Eventually all tools that are exposed to any considerable level of moisture will begin to fall victim to rust. After a certain point the rust buildup becomes severe enough to limit or completely hinder the functionality of the hardware, at which time you have two options – buy replacements, or find a way to save money by reusing rusty tools. Consider the following rust removal methods that will let you restore your tools to like-new condition in no time.
WD-40 and a Heavy Duty Scrub Pad
What do you get when you combine a few squirts of WD-40 penetrating lubricant with some elbow grease and a scrubbing pad? Hopefully, you’ll get rust-free tools, but that will depend on the severity of the rust buildup and the tool type (this method is good for tools with minimal rust and easy to reach surfaces).
CLR and a Little Bit of Patience
Soaking rusted tools in a caustic solution like CLR (Calcium, Lime, Rust remover), Naval Jelly, or Evapo-Rust will usually remove all surface rust, even in hard-to-reach places. This method is particularly useful for older tools with components that have rusted together and are difficult to clean manually. For optimal results, be sure to follow the instructions and safety guidelines listed on the product you’re using. Although this method involves the use of corrosive chemicals, it is much easier than using WD-40 and it works a lot better.
Use an Electrolyzer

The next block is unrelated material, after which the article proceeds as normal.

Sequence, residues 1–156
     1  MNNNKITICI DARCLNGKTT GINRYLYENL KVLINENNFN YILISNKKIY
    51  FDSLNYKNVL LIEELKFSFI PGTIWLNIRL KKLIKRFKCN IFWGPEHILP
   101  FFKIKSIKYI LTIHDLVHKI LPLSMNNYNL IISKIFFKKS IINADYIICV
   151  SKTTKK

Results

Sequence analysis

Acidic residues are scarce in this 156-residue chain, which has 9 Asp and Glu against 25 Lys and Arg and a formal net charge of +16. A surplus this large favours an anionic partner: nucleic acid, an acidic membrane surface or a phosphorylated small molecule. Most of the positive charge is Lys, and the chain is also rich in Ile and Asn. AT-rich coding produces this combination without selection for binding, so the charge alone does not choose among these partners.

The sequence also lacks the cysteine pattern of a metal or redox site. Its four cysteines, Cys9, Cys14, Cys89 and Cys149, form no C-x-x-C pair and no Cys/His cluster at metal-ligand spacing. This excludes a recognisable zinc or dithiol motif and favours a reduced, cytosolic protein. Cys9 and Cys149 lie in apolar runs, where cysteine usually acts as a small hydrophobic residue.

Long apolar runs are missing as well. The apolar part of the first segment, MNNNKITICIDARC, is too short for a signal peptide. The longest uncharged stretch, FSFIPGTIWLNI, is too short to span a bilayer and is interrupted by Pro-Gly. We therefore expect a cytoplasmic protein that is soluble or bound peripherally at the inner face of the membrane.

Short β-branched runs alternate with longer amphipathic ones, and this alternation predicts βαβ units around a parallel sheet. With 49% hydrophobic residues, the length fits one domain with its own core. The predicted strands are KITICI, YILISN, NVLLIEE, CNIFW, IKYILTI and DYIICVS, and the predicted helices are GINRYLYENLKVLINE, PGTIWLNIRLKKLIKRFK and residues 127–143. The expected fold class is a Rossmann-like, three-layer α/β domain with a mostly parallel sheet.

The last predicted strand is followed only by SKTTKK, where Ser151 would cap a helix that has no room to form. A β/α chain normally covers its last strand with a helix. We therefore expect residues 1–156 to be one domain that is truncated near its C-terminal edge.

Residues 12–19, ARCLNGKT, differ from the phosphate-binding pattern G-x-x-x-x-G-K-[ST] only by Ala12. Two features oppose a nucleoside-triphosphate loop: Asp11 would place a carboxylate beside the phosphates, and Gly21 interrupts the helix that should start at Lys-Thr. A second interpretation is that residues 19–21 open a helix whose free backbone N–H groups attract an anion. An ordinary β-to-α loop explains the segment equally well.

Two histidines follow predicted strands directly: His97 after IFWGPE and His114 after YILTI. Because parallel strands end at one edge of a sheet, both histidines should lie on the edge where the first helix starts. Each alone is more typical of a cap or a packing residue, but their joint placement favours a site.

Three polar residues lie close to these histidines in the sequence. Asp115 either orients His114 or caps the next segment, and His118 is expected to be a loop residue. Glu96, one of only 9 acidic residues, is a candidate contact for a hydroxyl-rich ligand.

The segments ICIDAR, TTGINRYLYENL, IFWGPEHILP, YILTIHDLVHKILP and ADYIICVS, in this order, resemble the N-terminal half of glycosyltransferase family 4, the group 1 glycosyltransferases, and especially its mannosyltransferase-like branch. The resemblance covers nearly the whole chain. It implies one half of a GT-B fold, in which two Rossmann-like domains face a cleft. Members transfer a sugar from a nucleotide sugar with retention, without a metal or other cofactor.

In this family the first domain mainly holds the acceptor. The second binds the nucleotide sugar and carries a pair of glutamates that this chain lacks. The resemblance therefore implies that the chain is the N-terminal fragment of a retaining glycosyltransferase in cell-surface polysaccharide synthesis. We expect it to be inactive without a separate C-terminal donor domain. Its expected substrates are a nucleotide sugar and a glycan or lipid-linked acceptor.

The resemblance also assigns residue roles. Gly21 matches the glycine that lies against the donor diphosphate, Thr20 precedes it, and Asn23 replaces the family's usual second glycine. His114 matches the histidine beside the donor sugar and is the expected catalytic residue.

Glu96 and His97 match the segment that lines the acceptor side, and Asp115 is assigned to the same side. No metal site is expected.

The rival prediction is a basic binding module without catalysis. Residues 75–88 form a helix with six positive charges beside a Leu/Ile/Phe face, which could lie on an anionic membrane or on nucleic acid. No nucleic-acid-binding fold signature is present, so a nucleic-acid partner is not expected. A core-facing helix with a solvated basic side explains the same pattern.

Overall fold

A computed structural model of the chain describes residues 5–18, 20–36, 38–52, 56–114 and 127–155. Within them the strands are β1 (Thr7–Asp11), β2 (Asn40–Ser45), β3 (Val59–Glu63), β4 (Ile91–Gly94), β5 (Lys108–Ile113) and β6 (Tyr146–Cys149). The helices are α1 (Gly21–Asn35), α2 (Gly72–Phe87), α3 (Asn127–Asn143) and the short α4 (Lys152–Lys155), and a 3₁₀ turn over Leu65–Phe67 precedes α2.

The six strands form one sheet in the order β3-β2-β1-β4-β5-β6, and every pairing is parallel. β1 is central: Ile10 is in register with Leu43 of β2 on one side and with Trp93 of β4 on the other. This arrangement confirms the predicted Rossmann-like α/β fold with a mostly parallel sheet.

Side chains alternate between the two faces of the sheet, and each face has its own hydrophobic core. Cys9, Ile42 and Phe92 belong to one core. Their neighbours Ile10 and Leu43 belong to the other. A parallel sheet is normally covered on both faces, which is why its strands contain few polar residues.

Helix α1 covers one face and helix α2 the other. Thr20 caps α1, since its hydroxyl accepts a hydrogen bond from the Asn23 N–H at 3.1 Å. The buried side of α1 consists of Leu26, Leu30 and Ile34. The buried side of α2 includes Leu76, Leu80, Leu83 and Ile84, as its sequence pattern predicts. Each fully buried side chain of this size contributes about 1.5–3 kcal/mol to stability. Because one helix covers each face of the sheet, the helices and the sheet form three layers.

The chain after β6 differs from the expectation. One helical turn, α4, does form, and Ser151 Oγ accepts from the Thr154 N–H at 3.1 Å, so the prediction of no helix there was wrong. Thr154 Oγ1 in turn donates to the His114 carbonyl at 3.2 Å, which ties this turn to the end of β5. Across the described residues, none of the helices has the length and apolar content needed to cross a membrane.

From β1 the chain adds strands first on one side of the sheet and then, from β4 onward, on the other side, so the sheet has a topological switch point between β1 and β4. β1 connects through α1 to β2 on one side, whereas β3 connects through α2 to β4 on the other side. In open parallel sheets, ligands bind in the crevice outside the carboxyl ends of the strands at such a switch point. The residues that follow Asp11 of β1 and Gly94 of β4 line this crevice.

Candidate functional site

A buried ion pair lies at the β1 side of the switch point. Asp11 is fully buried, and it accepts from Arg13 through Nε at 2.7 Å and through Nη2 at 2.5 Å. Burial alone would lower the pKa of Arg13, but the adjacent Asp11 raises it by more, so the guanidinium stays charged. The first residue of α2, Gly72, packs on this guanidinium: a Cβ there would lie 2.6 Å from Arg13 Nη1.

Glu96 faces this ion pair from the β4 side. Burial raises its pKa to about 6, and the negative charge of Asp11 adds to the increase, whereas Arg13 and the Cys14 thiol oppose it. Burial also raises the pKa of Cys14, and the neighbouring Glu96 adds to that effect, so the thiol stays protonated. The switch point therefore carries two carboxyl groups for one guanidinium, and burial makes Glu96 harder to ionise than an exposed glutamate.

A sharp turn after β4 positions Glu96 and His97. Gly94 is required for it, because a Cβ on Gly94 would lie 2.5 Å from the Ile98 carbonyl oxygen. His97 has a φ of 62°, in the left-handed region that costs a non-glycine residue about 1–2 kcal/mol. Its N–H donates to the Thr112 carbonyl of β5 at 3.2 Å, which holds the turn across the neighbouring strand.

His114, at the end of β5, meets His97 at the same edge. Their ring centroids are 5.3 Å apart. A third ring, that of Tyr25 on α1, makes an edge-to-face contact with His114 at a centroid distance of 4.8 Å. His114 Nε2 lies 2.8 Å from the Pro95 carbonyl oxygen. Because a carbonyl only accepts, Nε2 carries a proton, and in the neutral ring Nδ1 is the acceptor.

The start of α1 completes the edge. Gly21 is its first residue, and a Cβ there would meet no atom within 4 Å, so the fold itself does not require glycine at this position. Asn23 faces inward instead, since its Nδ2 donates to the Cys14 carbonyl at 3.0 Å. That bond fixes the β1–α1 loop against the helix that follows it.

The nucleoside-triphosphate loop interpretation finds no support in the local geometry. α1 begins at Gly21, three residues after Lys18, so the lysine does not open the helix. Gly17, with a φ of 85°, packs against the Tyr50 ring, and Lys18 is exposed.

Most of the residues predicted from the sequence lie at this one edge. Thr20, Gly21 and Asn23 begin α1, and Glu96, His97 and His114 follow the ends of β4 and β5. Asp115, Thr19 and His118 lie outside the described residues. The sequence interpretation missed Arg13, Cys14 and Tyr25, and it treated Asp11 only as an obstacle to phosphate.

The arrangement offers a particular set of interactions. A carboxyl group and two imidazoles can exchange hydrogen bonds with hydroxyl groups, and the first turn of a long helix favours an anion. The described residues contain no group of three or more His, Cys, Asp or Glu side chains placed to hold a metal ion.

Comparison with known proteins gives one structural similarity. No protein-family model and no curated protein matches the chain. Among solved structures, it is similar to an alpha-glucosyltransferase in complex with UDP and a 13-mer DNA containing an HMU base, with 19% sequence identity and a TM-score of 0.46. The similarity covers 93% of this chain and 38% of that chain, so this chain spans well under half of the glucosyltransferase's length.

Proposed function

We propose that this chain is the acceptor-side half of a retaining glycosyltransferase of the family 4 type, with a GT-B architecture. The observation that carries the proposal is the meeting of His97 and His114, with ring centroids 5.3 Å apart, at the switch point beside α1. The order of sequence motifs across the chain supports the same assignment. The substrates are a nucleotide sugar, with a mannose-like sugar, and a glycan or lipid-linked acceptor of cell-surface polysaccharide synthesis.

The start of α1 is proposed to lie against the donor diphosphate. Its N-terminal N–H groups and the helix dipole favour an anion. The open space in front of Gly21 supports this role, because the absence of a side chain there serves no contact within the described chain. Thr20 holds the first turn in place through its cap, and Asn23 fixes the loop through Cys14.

Electrolyzers are one of the most effective ways to remove rust from tools, and are preferred by many because they don’t require the use of caustic chemicals or laborious scrubbing. However, these devices are typically more expensive to rent/buy, making them a less common household solution. Fortunately, there are do-it-yourself guides online that will show you how to create a makeshift DIY electrolyzer with about $50 worth of equipment that can be bought at most local department stores.
Preserving Tools and Preventing Future Rusting
The best way to keep specialty tool sets from rusting is to insert a few dehumidifying silica packets in each compartment to keep the moisture out. Another great precaution to take is to apply a rust-inhibitor spray, such as RustOleum or Boeshield T-9. Finally, opt for tool sets that have foam inserts lining the tool holding brackets, as these will shield the tools from external elements better than conventional metal interiors.